But farmers will have to convince the Kenya Plant Health Inspectorate Service (KEPHIS) that the pest free zones being established in Counties are succeeding in weeding out the mango fruit fly, according to Esther Kimani, the managing director of at KEPHIS.To win the confidence of importers for instance, plastic traps set up in pest free zones must be able to prove that no single fruit fly has been caught there for days.“When we get to that level where the trap does not capture anything, that is when now we can write to our trading partners and tell them that we have established a pest free area for mango production,” says Kimani.Kenya lost the lucrative EU market for mango exports between 2010 and 2014, forcing farmers to hawk their fruits locally for as low as two Kenya shillings due to overproduction.Still, the pressures of climate change like prolonged drought and floods has affected mango production in the country, with experts linking extreme weather to the rapid multiplication of the fruit fly.“The mango is the second most produced fruit in the country after the banana. But fruit fly infestation led to the ban on exports to the EU market,” says Makueni County governor, Kivutha Kibwana, adding that the pest causes between 40 to 80 percent of mango losses in Kenya.Data by TechnoServe indicates that about 49,098 hectares of land are under mango plantation in Kenya, producing 779,147 metric tonnes of the fruit valued at Ksh. 11.9 billion.Only six counties in Kenya, Keiyo, Marakwet, Tharaka Nithi, Tana river, Makueni, Kilifi and Kwale, have established pest free areas for mango farming.A pest free area can reduce post-harvest losses due to fruit fly infestation by about 50 percent.“We want to make the culture of good agricultural practice a way of life for our farmers,” says Kimani.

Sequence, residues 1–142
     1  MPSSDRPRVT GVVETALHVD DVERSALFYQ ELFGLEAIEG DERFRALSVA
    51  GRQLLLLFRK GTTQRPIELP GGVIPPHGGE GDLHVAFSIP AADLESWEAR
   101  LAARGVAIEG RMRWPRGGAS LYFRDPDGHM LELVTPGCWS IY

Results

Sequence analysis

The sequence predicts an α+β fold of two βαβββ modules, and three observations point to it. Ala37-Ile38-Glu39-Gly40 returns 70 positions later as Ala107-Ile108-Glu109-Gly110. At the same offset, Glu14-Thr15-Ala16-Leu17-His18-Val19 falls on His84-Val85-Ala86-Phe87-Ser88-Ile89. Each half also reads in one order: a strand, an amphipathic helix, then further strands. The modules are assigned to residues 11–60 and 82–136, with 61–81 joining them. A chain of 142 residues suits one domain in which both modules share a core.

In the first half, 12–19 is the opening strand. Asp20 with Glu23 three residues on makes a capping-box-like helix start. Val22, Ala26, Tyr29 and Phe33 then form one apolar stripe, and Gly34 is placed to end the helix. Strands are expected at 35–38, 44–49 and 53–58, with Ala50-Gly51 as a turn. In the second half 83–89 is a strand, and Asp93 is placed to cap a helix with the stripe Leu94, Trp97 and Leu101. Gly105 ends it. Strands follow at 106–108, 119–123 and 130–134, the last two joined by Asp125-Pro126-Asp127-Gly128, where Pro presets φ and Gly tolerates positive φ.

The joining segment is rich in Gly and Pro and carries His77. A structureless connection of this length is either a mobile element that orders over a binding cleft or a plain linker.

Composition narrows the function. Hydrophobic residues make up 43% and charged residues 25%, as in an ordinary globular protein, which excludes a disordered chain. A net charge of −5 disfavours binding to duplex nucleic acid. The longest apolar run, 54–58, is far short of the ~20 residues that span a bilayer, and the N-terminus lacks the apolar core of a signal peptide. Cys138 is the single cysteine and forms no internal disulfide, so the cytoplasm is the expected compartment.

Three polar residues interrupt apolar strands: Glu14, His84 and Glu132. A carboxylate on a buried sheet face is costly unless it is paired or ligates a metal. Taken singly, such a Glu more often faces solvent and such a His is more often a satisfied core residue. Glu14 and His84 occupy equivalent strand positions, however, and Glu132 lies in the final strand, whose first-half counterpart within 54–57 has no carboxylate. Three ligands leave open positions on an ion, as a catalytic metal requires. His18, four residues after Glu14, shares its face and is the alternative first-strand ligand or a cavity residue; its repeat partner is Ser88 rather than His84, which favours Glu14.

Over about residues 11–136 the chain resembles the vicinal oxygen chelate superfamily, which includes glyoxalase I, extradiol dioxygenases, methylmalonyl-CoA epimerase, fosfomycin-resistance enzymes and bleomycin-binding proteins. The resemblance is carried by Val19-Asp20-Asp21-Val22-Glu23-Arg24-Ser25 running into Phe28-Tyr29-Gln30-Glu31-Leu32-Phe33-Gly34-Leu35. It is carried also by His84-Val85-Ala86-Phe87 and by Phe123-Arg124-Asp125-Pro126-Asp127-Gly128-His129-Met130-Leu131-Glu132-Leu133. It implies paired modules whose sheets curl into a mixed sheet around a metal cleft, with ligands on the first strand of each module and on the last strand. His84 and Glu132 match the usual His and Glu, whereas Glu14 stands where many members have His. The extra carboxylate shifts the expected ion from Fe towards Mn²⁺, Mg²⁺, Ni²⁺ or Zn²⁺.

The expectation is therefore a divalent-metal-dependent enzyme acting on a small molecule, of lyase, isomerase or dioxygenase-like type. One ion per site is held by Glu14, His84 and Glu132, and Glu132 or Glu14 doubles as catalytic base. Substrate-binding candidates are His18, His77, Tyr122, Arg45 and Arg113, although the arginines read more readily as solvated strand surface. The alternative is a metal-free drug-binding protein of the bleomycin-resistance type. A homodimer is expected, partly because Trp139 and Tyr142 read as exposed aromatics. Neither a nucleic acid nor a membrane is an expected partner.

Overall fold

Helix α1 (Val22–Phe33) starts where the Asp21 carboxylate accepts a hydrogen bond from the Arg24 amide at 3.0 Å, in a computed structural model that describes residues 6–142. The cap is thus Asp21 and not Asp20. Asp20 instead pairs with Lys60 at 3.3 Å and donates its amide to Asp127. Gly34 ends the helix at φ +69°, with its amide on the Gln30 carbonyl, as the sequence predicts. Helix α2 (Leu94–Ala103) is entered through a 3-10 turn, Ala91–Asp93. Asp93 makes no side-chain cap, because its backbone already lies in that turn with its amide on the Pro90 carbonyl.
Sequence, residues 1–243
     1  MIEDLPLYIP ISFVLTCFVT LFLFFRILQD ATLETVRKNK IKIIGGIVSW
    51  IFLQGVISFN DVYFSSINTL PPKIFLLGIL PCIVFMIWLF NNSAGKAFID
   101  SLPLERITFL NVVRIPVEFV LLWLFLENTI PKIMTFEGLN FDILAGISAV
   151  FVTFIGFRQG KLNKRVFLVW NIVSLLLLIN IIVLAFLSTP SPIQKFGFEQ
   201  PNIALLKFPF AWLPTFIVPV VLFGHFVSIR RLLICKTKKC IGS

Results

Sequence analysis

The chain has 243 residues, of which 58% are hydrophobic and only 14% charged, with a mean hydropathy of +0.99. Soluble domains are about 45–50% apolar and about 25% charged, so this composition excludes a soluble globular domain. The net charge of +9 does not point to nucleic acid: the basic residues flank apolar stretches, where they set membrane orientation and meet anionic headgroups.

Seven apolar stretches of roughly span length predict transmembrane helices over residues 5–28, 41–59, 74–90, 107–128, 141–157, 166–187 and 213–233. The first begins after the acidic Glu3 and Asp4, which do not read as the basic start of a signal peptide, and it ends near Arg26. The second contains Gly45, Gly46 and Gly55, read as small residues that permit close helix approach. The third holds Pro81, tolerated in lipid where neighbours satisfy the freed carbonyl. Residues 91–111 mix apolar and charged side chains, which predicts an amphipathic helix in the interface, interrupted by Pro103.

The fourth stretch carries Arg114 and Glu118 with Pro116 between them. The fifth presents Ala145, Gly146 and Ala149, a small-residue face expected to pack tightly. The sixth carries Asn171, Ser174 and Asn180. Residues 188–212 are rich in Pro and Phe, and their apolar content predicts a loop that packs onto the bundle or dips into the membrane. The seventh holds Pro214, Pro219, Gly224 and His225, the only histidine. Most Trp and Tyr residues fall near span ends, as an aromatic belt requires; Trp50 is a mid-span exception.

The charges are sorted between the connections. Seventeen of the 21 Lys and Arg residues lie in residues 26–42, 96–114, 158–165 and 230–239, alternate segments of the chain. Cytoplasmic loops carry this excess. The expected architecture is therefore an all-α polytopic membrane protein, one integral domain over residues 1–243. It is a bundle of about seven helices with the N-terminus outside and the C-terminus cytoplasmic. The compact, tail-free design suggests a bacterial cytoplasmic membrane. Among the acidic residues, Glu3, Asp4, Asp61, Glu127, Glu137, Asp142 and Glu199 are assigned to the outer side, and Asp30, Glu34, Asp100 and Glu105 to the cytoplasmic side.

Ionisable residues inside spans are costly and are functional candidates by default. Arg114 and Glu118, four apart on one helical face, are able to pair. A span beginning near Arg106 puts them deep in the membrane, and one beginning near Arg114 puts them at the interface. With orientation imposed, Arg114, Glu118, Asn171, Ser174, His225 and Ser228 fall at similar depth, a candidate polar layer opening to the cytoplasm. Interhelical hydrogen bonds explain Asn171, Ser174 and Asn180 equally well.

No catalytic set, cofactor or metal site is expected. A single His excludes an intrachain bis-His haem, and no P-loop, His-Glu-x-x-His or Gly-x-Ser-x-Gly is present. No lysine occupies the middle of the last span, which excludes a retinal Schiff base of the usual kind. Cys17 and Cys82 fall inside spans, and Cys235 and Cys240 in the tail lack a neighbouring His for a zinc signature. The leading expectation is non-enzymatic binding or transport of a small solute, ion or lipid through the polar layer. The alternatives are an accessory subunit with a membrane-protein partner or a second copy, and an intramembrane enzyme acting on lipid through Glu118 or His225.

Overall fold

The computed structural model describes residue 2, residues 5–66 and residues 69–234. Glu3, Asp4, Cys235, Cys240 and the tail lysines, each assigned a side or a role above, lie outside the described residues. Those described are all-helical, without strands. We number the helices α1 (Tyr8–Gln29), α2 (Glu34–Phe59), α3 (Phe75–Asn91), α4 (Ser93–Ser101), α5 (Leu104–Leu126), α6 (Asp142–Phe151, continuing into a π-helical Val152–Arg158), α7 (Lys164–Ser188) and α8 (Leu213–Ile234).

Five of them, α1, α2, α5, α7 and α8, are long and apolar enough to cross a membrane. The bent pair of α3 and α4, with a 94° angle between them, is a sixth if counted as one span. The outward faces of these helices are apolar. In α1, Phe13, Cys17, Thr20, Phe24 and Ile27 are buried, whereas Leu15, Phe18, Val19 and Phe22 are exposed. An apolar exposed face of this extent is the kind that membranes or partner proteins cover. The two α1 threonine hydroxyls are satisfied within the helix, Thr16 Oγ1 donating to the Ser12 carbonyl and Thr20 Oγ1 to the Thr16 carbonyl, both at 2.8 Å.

PRESS RELEASE The National Initiatives for Sustainable and Climate-smart Oil Palm Smallholders (NISCOPS) has been launched by Solidaridad in Accra, Ghana. NISCOPS is a five year strategic programme aimed to among others Enable governments in key oil palm producing countries to support and work with farmers towards more sustainable, climate smart palm oil production as well as contribute to Paris Agreement, Nationally Determined Contributions (NDCs)objectives and the Sustainable Development Goals(SDGs).The programme is being implemented in Africa (Ghana and Nigeria) and Asia (Indonesia and Malaysia) with the initial funding support from the Government of the Netherlands. The programme has an inception year (2019) with the implementation phase I from 2020 to 2023 and implementation phase II from 2024 and beyond.The Regional Director, Solidaridad West Africa, Mr. Isaac Gyamfiduring the launch of the programme in Accra, Ghana and the inauguration of the programme National Advisory Committee (NAC), says, “We make bold here to saySolidaridad is in term with the current global and local realities especially on climate change and agriculture and we are now using our over 50 years’ experience of both foot and brain on the ground through our works to contribute to shaping practices and policies at local, districts, national and global levels”Solidaridad has been in Ghana’s Oil palm landscape since 2012 promoting yield intensification at both the farm and mill levels through introduction of Best Management Practices (BMP) and improved processing technology respectively. The organization have also supported the revitalization of the Oil Palm Development Association of Ghana (OPDAG). Solidaridad have also played a role in the establishment of the Tree Crops Development Authority. These have been implemented under our Sustainable West Africa Oil Palm Program (SWAPP).Analysis from SWAPP shows that an average farm yield of at least 12tons/ha/year for existing farms coupled with oil extraction rate of 18% will make Ghana self-sufficient in Crude Palm Oil (CPO) production. This can only be realised when among other interventions such as BMP, great attention is paid to the impacts of climate change on the sector as well as the contribution of the oil palm sector to climate change.In his presentation during the event, Dr. Samson Samuel Ogallah, Solidaridad Senior Climate Specialist for Africa and the NISCOPS Technical Coordinator stated that the Key Performance Indicators (KPIs) of the programme is built on the three pillars of Climate Smart Agriculture (CSA) of Productivity, Adaptation and Mitigation. Dr. Ogallah added that the programme in addition to its contribution to the NDCs and SDGs of the four countries,aimed to further buildcapacity of smallholders(organizations) and local institutions to improve performance as well as support development of landscape level mechanismsto operate in ‘vulnerable’ landscapes prone to deforestation.In her speech at the event, Katja Lasseur, Deputy Head of Mission, Embassy of the Kingdom of the Netherlands, Ghana, expressed the commitment of the Government of the Netherlands to the programme and call on other partners and stakeholders to come on board in order to achieve the laudable objectives of the programme. The Minister for Food and Agriculture, Dr.…